The Supreme Court concluded in Olmstead that the “integration mandate” of the ADA and the Rehabilitation Act requires a public entity such as the District to administer its Medicaid program in a manner that does not result in the “unjustified segregation or isolation” of individuals with disabilities. See Olmstead v. L.C., 527 U.S. 581, 607 (1999).[4] Thus, under Olmstead, the District is “required to provide community-based treatment for persons with . . . disabilities” when three conditions are satisfied: (1) the District’s “treatment professionals determine that such placement is appropriate”; (2) the “affected persons do not oppose such treatment”; and (3) “placement can be reasonably accommodated, taking into account the resources available to the [District] and the needs of others with . . . disabilities.” See Olmstead, 527 U.S. at 607; see also 28 C.F.R. § 35.130(d); 28 C.F.R. § 41.51(d).[5] However, even if these three conditions are satisfied, there is no violation of law if the public entity can show “that making the modifications would fundamentally alter the nature of the service, program, or activity, ” 28 C.F.R. § 35.130(b)(7), or that it has “a comprehensive, effectively working plan for placing qualified persons with . . . disabilities in less restrictive settings, and a waiting list that move[s] at a reasonable pace not controlled by the State’s endeavors to keep its institutions fully populated.” Olmstead, 527 U.S. at 605-06.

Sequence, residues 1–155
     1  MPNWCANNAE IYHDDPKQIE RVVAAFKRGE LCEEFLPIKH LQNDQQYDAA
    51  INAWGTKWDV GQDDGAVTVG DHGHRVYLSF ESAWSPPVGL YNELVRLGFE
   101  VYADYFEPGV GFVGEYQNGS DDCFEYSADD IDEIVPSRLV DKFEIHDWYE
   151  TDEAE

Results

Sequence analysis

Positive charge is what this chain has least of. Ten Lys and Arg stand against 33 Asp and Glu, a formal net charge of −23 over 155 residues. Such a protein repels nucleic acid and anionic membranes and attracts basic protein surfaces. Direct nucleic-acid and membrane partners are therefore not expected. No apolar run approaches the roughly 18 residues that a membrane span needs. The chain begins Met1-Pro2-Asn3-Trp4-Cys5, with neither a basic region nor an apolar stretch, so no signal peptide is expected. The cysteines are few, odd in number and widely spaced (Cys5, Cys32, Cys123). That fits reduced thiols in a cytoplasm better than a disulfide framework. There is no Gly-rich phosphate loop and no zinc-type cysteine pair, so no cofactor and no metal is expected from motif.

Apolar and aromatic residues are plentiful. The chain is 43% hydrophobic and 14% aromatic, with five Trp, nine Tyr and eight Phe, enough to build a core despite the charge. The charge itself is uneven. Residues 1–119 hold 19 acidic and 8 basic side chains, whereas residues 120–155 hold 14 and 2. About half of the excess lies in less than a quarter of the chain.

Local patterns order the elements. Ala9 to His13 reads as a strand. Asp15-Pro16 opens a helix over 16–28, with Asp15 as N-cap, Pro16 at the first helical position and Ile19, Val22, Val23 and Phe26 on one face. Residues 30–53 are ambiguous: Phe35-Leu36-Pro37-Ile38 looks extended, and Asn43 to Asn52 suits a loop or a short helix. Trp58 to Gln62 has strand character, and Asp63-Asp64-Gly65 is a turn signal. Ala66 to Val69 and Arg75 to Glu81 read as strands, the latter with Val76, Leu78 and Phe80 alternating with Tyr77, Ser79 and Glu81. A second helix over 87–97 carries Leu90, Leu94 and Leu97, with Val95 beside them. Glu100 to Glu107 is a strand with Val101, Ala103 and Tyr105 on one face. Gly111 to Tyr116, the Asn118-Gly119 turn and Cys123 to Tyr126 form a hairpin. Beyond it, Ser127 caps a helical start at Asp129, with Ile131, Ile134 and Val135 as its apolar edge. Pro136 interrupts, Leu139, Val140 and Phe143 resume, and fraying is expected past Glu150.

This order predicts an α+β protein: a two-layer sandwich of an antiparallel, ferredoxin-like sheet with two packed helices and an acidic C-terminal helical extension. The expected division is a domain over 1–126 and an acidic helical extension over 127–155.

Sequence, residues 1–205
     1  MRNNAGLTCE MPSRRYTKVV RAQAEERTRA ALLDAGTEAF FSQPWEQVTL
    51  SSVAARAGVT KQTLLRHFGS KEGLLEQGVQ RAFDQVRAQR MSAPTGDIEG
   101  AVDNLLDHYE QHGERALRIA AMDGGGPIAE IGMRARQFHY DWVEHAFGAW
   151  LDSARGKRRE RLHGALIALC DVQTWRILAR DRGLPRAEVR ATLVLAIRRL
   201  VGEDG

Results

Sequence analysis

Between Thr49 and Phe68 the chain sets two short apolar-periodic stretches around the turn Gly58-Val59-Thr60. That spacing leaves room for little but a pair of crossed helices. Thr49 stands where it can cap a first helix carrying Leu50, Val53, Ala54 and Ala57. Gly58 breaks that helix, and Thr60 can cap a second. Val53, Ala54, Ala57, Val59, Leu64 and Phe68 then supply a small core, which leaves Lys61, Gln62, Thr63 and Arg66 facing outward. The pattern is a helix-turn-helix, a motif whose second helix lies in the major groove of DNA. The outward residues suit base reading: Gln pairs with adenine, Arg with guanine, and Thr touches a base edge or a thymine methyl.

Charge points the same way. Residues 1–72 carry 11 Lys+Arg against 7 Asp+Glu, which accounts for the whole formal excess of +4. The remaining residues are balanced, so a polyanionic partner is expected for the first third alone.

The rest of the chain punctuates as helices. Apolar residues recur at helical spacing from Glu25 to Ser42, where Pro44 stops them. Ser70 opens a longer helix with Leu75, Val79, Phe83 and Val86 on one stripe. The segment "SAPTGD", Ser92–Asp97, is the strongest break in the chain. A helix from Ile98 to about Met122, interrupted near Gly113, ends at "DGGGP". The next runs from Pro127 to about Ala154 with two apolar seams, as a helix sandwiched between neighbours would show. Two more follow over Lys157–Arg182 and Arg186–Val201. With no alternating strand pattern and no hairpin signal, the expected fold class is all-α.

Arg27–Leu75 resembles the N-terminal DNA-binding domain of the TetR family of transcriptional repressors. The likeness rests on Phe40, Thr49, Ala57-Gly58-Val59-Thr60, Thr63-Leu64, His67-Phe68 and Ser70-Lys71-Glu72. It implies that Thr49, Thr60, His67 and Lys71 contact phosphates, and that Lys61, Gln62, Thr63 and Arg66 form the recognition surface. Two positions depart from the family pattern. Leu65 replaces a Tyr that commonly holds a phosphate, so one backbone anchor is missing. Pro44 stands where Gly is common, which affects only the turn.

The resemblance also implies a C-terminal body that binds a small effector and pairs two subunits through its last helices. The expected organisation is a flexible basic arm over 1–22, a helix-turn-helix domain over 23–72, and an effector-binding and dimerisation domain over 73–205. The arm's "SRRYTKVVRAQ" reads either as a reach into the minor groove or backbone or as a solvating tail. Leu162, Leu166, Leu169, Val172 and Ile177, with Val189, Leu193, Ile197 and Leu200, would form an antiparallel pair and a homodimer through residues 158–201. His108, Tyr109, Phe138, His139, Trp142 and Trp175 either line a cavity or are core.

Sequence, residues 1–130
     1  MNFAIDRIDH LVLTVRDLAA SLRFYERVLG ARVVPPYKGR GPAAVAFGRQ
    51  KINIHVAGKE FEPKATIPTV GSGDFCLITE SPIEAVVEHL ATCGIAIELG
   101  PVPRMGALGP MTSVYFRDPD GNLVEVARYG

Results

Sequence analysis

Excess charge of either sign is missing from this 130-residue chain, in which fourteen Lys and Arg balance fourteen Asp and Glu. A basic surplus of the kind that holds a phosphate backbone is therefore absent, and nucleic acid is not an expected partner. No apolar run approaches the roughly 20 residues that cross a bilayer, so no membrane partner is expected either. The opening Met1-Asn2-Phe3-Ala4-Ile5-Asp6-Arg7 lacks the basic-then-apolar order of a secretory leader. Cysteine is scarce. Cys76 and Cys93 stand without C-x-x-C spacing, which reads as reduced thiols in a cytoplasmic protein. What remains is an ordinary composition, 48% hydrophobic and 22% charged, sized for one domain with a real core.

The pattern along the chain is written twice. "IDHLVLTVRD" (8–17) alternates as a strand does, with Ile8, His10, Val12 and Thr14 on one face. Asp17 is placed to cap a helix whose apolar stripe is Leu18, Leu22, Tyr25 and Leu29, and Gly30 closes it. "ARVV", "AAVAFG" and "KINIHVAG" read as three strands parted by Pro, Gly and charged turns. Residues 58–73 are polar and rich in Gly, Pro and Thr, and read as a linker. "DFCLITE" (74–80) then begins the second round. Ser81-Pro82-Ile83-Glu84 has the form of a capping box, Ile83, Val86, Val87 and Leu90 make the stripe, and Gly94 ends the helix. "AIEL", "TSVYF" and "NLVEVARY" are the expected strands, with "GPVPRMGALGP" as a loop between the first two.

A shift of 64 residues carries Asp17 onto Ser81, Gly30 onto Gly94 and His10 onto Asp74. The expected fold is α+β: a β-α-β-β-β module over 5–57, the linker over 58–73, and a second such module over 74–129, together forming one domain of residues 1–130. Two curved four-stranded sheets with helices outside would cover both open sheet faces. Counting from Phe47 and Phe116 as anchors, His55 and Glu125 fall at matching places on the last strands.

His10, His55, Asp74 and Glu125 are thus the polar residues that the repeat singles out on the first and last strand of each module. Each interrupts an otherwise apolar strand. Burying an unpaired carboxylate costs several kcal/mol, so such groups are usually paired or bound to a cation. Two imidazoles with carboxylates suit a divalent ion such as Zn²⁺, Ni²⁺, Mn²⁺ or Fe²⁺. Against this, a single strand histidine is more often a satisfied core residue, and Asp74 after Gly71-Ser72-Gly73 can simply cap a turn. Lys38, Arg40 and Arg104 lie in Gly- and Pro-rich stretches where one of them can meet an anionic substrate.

Since Olmstead, numerous “integration mandate” or “Olmstead” cases have been brought.[6] Across a wide range of services, programs and activities, these cases have challenged undue segregation of individuals with disabilities (or at risk of segregation) in nursing facilities, [7]mental health facilities, [8] institutions for individuals with intellectual and developmental disabilities, [9] and sheltered workshops/segregated day services.[10] Some cases are private actions brought by individuals, some are class actions, and some are enforcement actions by the Department of Justice. Where a private action raises systemic issues, courts have uniformly granted class certification to allow plaintiffs to pursue those claims, even after the Supreme Court’s recent decision in Wal-Mart Stores, Inc. v. Dukes, 131 S.Ct. 2541, 2551 (2011), which arguably tightened the standard for class certification.[11] In the present case, named plaintiffs seek to bring a class action on behalf of individuals with physical disabilities who are receiving Medicaid-covered long-term care services in nursing facilities, but who want to be receiving such services in the community.